At 6-foot-3 and 225 pounds, Demaryius was a beast at receiver. But he had a child’s love for the game — and life in general. It was funny to watch such a beacon of joy physically impose his will on other grown men. And if you knew his background, it was impossible not to root for him. Thomas’ mother and grandmother were incarcerated when he was just 11, causing him to instantly become a parental figure to his younger siblings. That helps explain why you always heard teammates talk about how good he was with their kids. Demaryius would tell me how much he cared for Manning’s children, and how he still spent so much time with them, even after Manning retired. He routinely passed time on plane and bus rides by hanging out with teammates’ kids. It made perfect sense, in a way, because Thomas was robbed of his own childhood. And maybe that’s why he had such a jubilance to him as an adult. It was almost like he was living the childhood he never had, making up for lost time. Stealing a cart on the practice field and driving it around during training camp, posing for pictures as he raced by. Doing the things we all had a chance to do when we were young.
On the field of play, though, he certainly handled his business. Former Broncos cornerback Chris Harris Jr. always told me Thomas would go down as the best Broncos receiver of all time. With 9,055 receiving yards and 60 touchdown catches, he ranks second in franchise history in both categories, trailing only Rod Smith. Harris would say he’ll be in Denver’s Ring of Fame one day. Demaryius never said anything about that to me, but I think that honor would’ve meant a lot to him.
Thomas’ personality and warm heart radiated to everyone in his presence. Considering everything that he’d been through, how could you not marvel at his infectious positivity? And if you knew all the physical issues he played through, how could you not respect his quiet professionalism?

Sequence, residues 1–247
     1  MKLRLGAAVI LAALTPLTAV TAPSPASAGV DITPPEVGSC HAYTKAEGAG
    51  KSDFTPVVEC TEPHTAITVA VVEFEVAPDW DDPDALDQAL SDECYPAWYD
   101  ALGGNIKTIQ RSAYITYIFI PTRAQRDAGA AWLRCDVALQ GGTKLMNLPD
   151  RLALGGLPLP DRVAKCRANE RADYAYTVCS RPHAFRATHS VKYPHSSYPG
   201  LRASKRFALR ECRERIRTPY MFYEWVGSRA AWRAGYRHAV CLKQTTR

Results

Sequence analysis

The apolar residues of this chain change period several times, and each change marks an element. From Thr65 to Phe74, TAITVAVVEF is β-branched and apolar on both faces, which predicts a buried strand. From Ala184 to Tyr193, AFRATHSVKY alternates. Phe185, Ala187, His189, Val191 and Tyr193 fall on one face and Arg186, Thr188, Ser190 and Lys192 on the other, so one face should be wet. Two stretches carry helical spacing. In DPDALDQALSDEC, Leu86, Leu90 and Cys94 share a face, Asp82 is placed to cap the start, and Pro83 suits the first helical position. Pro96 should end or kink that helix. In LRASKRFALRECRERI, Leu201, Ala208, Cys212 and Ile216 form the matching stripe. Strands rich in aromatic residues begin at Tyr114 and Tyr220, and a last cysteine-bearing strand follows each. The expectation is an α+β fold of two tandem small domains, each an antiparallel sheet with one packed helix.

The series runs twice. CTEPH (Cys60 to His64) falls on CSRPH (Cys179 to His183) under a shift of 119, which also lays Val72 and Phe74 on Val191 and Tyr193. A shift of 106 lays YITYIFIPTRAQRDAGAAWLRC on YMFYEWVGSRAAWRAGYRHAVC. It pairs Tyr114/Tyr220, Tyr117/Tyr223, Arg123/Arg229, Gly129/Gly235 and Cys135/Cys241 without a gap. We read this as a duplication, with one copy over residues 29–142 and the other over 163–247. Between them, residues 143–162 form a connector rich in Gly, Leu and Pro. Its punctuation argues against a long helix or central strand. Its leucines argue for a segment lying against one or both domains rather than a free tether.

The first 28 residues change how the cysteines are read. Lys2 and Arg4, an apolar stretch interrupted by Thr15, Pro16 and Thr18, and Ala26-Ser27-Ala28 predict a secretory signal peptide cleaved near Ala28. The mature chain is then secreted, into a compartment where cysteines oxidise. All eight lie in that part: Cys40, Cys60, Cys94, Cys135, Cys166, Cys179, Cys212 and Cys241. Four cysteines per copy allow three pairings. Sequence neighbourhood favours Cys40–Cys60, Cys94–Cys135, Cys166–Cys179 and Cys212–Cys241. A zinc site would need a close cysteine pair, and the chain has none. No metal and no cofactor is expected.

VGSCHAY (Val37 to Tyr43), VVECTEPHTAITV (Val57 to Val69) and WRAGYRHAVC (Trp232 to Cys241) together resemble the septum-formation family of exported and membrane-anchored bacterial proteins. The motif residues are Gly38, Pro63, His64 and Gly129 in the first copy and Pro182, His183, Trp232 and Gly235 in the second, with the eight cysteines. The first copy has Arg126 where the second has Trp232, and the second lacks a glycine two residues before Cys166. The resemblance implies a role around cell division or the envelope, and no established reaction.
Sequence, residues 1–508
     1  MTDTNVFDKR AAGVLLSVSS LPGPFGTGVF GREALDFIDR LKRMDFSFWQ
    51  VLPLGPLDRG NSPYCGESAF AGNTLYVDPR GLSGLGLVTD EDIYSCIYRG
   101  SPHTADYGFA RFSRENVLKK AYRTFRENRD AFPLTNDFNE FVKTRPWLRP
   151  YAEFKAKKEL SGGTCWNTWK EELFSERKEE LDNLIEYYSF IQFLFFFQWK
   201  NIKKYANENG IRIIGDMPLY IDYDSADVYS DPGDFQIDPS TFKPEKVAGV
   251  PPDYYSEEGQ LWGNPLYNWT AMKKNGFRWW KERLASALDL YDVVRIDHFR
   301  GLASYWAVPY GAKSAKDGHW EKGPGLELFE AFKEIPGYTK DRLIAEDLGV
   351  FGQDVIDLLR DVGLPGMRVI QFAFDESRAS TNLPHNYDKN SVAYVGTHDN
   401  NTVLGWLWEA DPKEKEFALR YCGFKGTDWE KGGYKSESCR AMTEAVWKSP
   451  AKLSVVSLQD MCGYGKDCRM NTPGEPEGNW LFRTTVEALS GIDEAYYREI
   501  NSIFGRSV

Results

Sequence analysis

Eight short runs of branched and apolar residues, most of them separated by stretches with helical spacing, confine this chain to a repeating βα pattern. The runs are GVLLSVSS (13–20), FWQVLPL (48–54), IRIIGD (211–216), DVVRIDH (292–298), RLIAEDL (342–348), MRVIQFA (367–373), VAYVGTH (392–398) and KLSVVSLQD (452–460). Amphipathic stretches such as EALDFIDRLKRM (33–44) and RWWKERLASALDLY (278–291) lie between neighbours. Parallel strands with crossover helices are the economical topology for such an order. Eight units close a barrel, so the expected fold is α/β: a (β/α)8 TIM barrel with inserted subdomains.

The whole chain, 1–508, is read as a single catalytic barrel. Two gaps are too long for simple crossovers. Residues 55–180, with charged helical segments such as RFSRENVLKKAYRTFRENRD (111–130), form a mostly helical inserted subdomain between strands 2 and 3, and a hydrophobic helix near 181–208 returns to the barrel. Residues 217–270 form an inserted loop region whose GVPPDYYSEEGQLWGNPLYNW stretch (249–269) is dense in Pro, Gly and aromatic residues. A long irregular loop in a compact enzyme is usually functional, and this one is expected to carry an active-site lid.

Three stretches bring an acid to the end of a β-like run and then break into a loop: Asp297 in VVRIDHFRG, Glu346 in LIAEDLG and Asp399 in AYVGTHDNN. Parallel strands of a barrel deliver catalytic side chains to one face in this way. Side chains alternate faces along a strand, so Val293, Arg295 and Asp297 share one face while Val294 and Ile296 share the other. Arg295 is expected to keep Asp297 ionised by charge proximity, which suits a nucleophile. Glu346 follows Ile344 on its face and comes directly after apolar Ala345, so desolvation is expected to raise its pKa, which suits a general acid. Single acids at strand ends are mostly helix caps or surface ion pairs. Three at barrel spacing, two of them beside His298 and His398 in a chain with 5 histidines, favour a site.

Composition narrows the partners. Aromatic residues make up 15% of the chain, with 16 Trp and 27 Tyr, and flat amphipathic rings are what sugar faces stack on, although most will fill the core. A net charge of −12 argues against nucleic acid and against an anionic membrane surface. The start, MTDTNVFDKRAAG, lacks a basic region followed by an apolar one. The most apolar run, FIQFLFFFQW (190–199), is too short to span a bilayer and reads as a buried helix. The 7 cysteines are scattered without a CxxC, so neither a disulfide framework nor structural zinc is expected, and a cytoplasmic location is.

In 2018, before the trade to Houston, we spent almost two hours on the practice field at Dove Valley talking football, life and legacy. We discussed what he was reading at the time, how he had transformed his diet in an attempt to continue playing with a body that was breaking down. Thomas always believed that if you can play on Sunday, you don’t talk about your injuries. He never publicly discussed the partially torn labrum in his hip that dated back years. He played through the pain — and through the criticism from analysts and fans. The hip got so bad that he literally couldn’t run a route where he had to come to a sudden stop and work back to the ball. Imagine playing wide receiver in the NFL and your body won’t allow you to run and stop. But Thomas believed his presence on the field would draw enough attention from defenses to allow others to operate in one-on-one coverage. Those are the things teammates and coaches knew. Fans? Not so much.
Thomas didn’t understand the criticism he received, but he felt it. In fact, he told me that, at times, it impacted his play — that is how much he cared. And so, at the time of that practice field chat back in 2018, Demaryius didn’t know what his legacy would be in Denver.
I’d like to think he got a small taste of the appreciation on that November afternoon a few months later, when he returned to Denver as a member of the Texans. The Broncos draped a massive banner on the side of the stadium reading, “Thank You D.T.” When he walked to the bus after the game, Manning’s kids ran up to him in little Thomas No. 87 Texans jerseys. I don’t even know how Manning was able to get them made in a matter of days. The children hugged Thomas like a favorite uncle they hadn’t seen in years. Just as he’d been during Manning’s retirement ceremony, Thomas was basically an honorary member of the family.
There wasn’t a person in that stadium who didn’t want a picture with DT. Or just to shake his hand and tell him they missed him. He’d been gone less than a week.
Thomas had a southern accent that was unique to him. I can hear it when I think about him. He was equally unique on the field, a freakish talent that doesn’t come around very often. But I think what set him apart, really made him a diamond in the rough, was his outlook on life. He chose to remain authentic and grounded. He decided that going through life spreading joy made for a better existence than dwelling on hardships. Cynicism never captured him. I’ll remember that part the most. And obviously, the smile.